What if I told you there was a free way to give your tweet wings, and let it travel farther and last longer? Would you want to join that club? I know would! Hashtags have entered popular culture these days, with TV shows, baseball teams, and just about everyone using them to organize searches. If you’ve never used a hashtag before, you might want to check out the basics.
Hashtags are Easy
Here’s the skinny: Tweets with hashtags receive twice the engagement of tweets without hashtags. So if you’re considering whether to hashtag or not, that should help you make up your mind! Not only will people follow others who use similar hashtags (for instance, I have #startups in my Twitter profile, and many startups find me that way), but you can reach out to those with the same hashtags as you. Win-win!
Use One or Two: More is Not Better!
If you use too many hashtags, your engagement will go down. One or two hashtags is fine. More than that, and a tweet is looked upon as spammy.
Neat Tools to Help with Hashtags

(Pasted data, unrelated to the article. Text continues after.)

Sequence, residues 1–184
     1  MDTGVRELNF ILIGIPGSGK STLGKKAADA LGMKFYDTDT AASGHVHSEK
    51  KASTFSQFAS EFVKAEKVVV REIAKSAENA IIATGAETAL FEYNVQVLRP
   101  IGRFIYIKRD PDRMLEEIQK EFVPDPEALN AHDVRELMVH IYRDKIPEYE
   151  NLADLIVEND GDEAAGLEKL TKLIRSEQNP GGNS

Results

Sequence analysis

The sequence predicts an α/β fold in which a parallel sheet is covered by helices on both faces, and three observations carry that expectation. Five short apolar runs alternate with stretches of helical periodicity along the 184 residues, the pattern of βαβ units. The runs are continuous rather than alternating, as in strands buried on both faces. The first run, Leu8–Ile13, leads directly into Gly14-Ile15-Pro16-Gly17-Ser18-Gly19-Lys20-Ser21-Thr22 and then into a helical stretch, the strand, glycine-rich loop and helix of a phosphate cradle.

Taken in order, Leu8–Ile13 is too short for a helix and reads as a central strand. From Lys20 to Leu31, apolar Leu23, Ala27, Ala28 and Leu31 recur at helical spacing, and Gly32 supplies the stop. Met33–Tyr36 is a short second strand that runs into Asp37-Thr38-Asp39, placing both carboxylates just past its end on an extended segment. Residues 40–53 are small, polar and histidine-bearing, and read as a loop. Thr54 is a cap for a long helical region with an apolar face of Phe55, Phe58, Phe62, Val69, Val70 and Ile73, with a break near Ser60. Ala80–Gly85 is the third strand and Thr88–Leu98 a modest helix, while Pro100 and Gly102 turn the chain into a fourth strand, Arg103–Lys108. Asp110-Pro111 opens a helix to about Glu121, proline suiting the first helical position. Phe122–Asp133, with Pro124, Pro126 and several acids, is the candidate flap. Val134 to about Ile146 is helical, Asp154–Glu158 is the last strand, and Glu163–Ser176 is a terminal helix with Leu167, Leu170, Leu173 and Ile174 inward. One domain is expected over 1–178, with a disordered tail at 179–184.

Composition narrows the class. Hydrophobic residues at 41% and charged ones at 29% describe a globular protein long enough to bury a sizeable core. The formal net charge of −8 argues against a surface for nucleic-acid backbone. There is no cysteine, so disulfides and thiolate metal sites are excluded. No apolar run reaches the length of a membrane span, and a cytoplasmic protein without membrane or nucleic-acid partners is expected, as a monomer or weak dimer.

- Hashtagify – tells you hashtags related to your hashtags. For instance, if you’re a loan broker, and wanted to use the hashtag #203K, you could see what other hashtags you could use along with that hashtag.
- TweetReach – tells you how far your hashtag has traveled. For instance, I use it during my tweet chat, #DigiBlogChat, and then tell everyone the numbers during the chat (and later on Facebook as well). If you don’t know what a tweet chat is, you might want to check out this post on 101 tips for success with tweet chats.
- Hashtags.org – tells you what hashtags are trending on Twitter right now. So theoretically, you could catch a trend before it gets big and ride the wave all the way in.
Hashtags As Snark
Hashtags used to be used to sort, group, and categorize tweets. But then one day, not too long ago, people started using hashtags to self-identify, and add an Element of Snark to posts. Now people are using “air hashtags,” and according to some, ruining the English language. So if the hashtag #FirstWorldProblems doesn’t get your metadata all up in a knot, then you might like using hashtags in a snarky manner. #JustTryingToKeepItFun
One very effective way to use a hashtag is to see who else is using it. For instance, if you’re using a location-based hashtag, click on it and see who else is nearby! For instance, this weekend is the inauguration. Heck, you could even go to Top Hashtags (dot com), type “inauguration” and see what the top hashtags are if you’re going. Or use the hashtag of your city, county, or state, and see who else is out there.
How Do You Hashtag?
Do you use hashtags? Or do you think they’re ruining the English language? Leave me a comment! And thank you.